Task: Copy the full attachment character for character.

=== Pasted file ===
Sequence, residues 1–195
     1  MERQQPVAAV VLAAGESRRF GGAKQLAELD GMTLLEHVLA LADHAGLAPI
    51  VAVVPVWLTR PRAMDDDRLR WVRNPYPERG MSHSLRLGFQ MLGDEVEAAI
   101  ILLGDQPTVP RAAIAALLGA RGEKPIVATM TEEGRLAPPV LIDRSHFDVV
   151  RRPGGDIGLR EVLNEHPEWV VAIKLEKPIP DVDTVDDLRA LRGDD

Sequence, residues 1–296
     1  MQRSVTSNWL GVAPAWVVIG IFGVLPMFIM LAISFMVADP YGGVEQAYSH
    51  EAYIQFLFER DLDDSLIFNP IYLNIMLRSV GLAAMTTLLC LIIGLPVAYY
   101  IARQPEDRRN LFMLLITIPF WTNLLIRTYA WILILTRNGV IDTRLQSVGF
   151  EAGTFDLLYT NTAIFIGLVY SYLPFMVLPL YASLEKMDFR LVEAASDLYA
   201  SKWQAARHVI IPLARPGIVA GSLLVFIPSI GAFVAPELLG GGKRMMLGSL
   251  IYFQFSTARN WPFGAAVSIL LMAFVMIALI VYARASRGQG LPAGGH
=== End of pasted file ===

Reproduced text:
Sequence, residues 1–195
     1  MERQQPVAAV VLAAGESRRF GGAKQLAELD GMTLLEHVLA LADHAGLAPI
    51  VAVVPVWLTR PRAMDDDRLR WVRNPYPERG MSHSLRLGFQ MLGDEVEAAI
   101  ILLGDQPTVP RAAIAALLGA RGEKPIVATM TEEGRLAPPV LIDRSHFDVV
   151  RRPGGDIGLR EVLNEHPEWV VAIKLEKPIP DVDTVDDLRA LRGDD

Sequence, residues 1–296
     1  MQRSVTSNWL GVAPAWVVIG IFGVLPMFIM LAISFMVADP YGGVEQAYSH
    51  EAYIQFLFER DLDDSLIFNP IYLNIMLRSV GLAAMTTLLC LIIGLPVAYY
   101  IARQPEDRRN LFMLLITIPF WTNLLIRTYA WILILTRNGV IDTRLQSVGF
   151  EAGTFDLLYT NTAIFIGLVY SYLPFMVLPL YASLEKMDFR LVEAASDLYA
   201  SKWQAARHVI IPLARPGIVA GSLLVFIPSI GAFVAPELLG GGKRMMLGSL
   251  IYFQFSTARN WPFGAAVSIL LMAFVMIALI VYARASRGQG LPAGGH